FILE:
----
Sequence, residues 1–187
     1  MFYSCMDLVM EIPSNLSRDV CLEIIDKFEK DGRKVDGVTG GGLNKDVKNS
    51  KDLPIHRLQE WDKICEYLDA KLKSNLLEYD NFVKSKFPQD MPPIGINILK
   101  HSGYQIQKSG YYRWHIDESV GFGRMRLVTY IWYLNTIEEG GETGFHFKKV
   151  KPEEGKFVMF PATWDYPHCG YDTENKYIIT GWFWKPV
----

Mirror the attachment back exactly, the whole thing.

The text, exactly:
Sequence, residues 1–187
     1  MFYSCMDLVM EIPSNLSRDV CLEIIDKFEK DGRKVDGVTG GGLNKDVKNS
    51  KDLPIHRLQE WDKICEYLDA KLKSNLLEYD NFVKSKFPQD MPPIGINILK
   101  HSGYQIQKSG YYRWHIDESV GFGRMRLVTY IWYLNTIEEG GETGFHFKKV
   151  KPEEGKFVMF PATWDYPHCG YDTENKYIIT GWFWKPV